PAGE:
There are many benefits to eating asparagus including decreased levels of blood pressure and blood sugar, as well as protecting against neural tube defects during fetal development - likely due to its high folate content.
You may notice that eating asparagus makes your urine smell rather pungent. This is perfectly normal and harmless, it’s simply caused by sulfurous compounds in the vegetable.
How to Prepare asparagus
Despite being known as a luxury vegetable, asparagus is one of the easiest veggies to prepare and cook.
First wash the bunch with water. Then you’ll need to remove the woody ends of your asparagus. You can cut them, but I find it easiest to just snap them off where they break naturally.
From there, you can eat them raw or cut and cook them.
How to use asparagus
The taste of asparagus will vary with the season and variety. Generally, it offers an earthy flavor similar to broccoli, almost like an intensely flavored green bean.
Generally speaking, thinner spears are better for roasting, grilling, stir-frying, tossing with pasta, and eating raw in salads.
Thicker asparagus is traditionally left whole. Try them steamed with butter or hollandaise sauce, or blanched and chilled with a vinaigrette.
Early season asparagus is the most tender and fresh, requiring little effort to make it taste delicious. Simply steaming and topping with a little salt, pepper and a squeeze of lemon will do the trick.
It’s quite the versatile vegetable and can be cooked and served on its own or as a side dish. Asparagus can be grilled, steamed, roasted, boiled, blanched, added to pasta, salads, soups, and stir-fries. You can also shave it into a salad and eat it raw.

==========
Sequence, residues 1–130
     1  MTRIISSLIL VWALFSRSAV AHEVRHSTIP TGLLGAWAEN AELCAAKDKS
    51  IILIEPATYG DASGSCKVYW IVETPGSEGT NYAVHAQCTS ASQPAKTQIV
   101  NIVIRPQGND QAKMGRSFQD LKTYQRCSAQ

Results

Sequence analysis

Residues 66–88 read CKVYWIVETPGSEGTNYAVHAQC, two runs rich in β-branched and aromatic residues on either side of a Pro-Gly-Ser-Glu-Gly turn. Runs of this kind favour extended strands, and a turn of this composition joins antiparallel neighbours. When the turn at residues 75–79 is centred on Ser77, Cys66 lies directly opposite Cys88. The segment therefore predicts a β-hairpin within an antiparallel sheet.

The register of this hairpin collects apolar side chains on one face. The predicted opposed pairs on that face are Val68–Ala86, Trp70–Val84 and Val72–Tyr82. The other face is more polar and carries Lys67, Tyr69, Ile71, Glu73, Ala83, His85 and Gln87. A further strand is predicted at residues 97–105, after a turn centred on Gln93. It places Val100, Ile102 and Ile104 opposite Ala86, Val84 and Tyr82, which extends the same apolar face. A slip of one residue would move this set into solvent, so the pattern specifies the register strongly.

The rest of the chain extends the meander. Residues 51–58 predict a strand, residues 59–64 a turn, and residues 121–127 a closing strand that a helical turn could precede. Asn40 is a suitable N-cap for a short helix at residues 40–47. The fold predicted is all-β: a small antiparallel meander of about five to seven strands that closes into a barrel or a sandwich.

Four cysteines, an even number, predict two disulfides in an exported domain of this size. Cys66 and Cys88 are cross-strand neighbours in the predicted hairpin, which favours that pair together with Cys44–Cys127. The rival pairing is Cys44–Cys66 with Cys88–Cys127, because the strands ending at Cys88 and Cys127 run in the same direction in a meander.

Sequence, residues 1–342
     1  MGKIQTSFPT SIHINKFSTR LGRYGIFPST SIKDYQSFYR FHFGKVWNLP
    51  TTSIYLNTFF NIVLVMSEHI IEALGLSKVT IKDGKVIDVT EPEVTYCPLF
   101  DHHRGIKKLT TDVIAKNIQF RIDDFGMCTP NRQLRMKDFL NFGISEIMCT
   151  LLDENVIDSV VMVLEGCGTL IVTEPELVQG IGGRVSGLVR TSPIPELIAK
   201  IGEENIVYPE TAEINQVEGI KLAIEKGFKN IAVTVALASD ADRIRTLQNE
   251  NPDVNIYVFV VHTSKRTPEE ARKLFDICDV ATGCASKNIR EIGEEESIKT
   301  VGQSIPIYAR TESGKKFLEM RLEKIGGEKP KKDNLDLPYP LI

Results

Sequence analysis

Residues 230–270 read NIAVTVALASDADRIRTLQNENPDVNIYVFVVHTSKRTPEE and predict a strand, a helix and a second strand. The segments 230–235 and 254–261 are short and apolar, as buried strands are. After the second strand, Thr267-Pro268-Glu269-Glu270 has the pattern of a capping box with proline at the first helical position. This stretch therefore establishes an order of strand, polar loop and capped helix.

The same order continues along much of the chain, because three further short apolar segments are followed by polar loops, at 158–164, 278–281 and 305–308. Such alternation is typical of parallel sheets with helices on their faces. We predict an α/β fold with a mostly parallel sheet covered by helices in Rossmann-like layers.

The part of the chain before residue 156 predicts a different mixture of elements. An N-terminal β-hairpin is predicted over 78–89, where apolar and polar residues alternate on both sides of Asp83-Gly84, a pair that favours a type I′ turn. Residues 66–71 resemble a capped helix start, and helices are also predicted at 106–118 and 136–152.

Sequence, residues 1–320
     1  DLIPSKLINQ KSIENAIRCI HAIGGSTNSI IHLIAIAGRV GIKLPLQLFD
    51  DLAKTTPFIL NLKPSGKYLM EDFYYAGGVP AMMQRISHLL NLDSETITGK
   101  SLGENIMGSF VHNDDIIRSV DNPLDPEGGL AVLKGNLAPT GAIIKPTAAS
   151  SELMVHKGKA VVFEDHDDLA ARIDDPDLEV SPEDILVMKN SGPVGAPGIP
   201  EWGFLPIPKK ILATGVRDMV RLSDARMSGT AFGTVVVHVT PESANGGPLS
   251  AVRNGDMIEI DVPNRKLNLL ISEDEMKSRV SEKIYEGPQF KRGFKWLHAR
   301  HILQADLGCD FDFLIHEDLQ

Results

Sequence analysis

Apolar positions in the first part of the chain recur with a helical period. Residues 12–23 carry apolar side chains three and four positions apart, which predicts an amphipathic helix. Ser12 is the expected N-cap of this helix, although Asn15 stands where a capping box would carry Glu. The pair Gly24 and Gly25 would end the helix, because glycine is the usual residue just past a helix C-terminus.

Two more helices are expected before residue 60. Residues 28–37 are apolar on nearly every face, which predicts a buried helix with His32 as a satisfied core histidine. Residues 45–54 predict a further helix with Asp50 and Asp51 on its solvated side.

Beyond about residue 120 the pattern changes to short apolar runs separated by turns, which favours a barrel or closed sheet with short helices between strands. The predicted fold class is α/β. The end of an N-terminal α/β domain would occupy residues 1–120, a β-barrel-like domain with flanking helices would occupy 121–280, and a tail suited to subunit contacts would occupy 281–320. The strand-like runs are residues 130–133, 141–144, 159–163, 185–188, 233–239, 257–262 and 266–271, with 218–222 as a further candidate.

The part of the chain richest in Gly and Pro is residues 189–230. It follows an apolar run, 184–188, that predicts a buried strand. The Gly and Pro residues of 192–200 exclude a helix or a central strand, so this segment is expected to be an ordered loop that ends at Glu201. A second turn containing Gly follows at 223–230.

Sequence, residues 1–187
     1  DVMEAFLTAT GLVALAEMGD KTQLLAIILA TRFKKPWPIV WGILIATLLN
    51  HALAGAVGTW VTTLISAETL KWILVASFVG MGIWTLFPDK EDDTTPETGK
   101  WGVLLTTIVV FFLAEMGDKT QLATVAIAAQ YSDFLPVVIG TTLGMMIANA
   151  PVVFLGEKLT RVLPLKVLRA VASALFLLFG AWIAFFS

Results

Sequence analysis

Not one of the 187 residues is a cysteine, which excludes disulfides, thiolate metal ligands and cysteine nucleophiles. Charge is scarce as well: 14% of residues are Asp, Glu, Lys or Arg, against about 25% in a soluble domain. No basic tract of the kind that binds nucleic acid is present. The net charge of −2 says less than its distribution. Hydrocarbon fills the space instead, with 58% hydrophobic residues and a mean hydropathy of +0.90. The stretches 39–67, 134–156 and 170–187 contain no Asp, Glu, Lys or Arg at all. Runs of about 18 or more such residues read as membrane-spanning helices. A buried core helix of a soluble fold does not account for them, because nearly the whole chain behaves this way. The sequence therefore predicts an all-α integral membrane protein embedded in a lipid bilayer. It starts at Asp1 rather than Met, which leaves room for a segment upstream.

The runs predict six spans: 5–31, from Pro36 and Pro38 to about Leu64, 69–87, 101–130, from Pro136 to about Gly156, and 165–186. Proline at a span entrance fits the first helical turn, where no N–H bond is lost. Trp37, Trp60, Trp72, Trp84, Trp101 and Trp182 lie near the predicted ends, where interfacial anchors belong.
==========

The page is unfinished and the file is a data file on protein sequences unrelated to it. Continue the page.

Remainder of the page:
Using asparagus ends
Tender, thin asparagus ends can often be left on and eaten along with the rest of the asparagus. You really only need to break off the ends of the really woody stalks.
If you do remove them:
- Use them to make a vegetable stock or simply combine them with water and boil for an asparagus stock and use it to make asparagus risotto.
- Store the ends in the freezer and once you have enough you can make a pureed asparagus-end soup.
Asparagus fun facts
Asparagus is one of the few perennial vegetable crops, meaning it comes back year after year. It’s so long-lasting that it can continue producing pounds of succulent spears for 15 to 20 years or more.
Apparently everyone creates “asparagus pee”, but not everyone can smell it. The sulfurous compounds in asparagus pee are what give off the distinct aroma, but some people have a condition called “specific anosmia,” which is the genetic inability to smell certain odors.
Interested in more superfoods? Check out all of our Superfood Spotlights!